by Jennifer Toes (CERN)
Visualisation of the European Spallation Source (ESS), a neutron source driven by a linear accelerator (Image: ESS)
In February 2017, over 70 high-energy physicists visited CERN to attend and present at a workshop on the “Status of Accelerator Driven Systems Research and Technology Development”.
Accelerator Driven Systems (ADS) refer to the use of particle accelerators in combination with subcritical nuclear reactor cores to allow fission to be sustained through the production of neutrons by spallation.
ADS have a variety of applications, ranging from the transmutation of nuclear waste, to energy generation and production of isotopes for use in cancer treatments.
The workshop, organised by WP4 of the EuCARD-2 project, focused on the following ADS-related topics: international ADS programmes, socio-economic impact of ADS, accelerator operation in ADS, coupling experiments, and future challenges for ADS research and development.
“The workshop has gathered a wide and active community, whose interest is demonstrated by the many programs that are on-going in the world. Accelerator technologies in ADS can provide important contributions to society,” said Marcello Losasso, member of the Scientific Programme Committee.
He continued: “The old cyclotron/linac opposition led to interesting discussions during the workshop. In particular, cyclotron technology was assessed as a worthwhile route of investigation for industrial applications of ADS.”
In fact, all current ADS projects across the world are based on linear machines, and therefore researchers already have benchmarks concerning their cost, time to market and technical characteristics.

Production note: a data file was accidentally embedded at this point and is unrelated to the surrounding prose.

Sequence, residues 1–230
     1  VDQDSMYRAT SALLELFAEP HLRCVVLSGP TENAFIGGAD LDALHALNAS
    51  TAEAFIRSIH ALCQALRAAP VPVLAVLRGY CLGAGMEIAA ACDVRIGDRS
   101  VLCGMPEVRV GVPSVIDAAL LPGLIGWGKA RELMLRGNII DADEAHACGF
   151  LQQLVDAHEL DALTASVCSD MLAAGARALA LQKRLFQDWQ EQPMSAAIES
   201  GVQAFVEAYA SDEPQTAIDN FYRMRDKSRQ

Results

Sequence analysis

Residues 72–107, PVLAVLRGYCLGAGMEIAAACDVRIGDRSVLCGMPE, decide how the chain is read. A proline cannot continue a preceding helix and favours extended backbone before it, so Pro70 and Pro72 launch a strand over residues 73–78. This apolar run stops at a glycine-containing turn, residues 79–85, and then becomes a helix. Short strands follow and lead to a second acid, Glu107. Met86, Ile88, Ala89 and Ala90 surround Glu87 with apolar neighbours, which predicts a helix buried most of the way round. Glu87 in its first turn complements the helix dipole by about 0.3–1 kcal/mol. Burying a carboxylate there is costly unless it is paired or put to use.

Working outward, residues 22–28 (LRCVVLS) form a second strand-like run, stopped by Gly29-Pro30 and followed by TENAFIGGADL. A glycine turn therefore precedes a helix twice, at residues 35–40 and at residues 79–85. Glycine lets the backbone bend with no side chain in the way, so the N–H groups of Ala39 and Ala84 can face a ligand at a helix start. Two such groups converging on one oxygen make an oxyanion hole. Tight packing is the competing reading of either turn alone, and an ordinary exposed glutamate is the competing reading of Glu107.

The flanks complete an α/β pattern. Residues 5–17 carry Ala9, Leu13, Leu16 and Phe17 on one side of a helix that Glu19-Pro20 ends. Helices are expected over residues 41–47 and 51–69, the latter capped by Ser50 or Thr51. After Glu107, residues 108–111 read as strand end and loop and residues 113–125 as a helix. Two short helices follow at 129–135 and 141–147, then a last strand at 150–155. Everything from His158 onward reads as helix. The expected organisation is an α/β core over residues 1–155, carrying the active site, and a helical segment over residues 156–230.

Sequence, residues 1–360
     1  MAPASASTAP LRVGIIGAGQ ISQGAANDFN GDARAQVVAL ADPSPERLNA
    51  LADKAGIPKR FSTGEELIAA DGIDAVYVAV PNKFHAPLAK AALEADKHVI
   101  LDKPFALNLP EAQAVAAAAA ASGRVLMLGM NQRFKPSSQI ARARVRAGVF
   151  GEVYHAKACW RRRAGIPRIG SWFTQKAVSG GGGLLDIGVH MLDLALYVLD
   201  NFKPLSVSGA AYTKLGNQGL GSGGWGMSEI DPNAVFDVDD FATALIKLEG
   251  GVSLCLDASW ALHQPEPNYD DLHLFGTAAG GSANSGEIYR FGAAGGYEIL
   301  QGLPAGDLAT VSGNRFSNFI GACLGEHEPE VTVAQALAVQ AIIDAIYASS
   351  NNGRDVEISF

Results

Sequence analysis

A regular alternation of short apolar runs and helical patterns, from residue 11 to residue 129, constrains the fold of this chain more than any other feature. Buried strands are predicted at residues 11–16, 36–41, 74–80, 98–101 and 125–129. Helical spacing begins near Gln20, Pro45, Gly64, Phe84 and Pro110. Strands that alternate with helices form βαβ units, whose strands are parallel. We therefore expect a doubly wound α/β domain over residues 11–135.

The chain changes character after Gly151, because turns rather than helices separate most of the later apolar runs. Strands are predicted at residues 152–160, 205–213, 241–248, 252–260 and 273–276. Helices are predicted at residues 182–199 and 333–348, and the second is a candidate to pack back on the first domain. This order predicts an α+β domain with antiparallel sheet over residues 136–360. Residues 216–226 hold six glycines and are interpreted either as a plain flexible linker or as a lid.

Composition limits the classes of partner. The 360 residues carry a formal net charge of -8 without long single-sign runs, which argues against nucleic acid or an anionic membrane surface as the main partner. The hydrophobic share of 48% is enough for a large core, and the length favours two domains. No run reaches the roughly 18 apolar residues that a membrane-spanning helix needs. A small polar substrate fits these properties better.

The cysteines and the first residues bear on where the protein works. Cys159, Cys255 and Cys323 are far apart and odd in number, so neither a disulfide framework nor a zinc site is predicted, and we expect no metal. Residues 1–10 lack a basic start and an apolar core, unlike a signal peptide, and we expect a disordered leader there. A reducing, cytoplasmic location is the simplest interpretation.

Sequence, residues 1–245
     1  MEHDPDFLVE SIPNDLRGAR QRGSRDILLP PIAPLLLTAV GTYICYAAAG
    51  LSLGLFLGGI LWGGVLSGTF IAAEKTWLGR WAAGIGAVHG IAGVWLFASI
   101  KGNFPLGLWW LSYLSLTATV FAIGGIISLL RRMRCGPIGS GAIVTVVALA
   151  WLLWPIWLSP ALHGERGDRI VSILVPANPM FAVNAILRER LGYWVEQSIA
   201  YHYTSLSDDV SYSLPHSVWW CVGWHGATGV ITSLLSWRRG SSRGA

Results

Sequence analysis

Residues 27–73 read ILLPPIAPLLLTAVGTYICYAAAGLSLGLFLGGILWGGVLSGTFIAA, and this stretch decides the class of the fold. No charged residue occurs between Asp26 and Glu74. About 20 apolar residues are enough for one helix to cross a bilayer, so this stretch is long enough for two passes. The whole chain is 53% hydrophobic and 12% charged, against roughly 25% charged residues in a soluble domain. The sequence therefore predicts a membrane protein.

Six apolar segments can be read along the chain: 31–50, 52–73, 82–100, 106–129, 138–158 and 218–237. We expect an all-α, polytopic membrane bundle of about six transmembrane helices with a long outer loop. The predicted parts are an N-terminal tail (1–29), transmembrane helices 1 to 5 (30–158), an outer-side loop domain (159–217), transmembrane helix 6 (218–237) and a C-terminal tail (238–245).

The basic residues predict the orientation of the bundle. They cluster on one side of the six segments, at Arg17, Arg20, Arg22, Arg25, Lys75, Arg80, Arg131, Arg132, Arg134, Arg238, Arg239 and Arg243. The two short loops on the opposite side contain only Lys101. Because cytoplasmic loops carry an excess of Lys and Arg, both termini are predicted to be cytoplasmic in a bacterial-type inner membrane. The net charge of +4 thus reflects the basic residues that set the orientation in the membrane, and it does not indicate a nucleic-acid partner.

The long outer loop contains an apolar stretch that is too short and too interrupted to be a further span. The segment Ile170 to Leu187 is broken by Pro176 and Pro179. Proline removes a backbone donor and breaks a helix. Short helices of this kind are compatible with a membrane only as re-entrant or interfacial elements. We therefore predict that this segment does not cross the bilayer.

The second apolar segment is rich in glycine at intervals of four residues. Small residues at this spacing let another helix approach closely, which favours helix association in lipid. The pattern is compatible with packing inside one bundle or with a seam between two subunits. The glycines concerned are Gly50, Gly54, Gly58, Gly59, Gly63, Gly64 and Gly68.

This is not the case for high power cyclotrons, whose data are limited and not often as up-to-date.
Further presentations were made on the ADS programmes across Europe and in China, Japan, the United States and Ukraine. The international ADS efforts include a wide range of R&D into applications such as: nuclear waste elimination, energy production, neutron spallation sources, and the production of isotopes and high intensity beams for fundamental research.
International cooperation was stressed for the further development of ADS, which may present a challenge due to conflicting national goals in ADS R&D.
The critical aspects of accelerators for use in ADS were also discussed, touching on their technical requirements, economic feasibility and licensing issues. Ultimately, the ADS projects currently existing and in development across the world seem to suggest they are technically feasible. However, the industrial deployment of the technology depends on many interlinked factors as the licensability and cost.
Presentations on coupling experiments demonstrated that zero power facilities offer good flexibility and simplicity of execution, and are therefore of critical importance to gather validation measurements and facilitate the licensing processes. Benchmarking can also be improved by using multiple approaches to gather parametric measurements.
In addition, speakers detailed a new design for a high power target and reported on the new spallation target prototypes and sources.
Of course, as with any emerging field, new and innovative research and development is crucial. As such, the workshop also featured talks on new projects and approaches for the future.
This included CYCLADS, a recently submitted EU FET-OPEN project (not-yet approved) whose consortium, coordinated by CERN, includes major industrial and academic European partners such as iThEC, PSI, AIMA-Dev, HNI, ENEA, N-21, ASG. The aim of the project is to establish the conceptual design of an innovative high-power, compact and cost-effective cyclotron to be used for the transmutation of nuclear waste. The project should be able to provide fresh economical data and new technical opportunities on the benefits of cyclotrons as an option for an ADS.
The workshop closed with summary reports from the Session Chairmen highlighting the current status and future challenges of ADS around the world.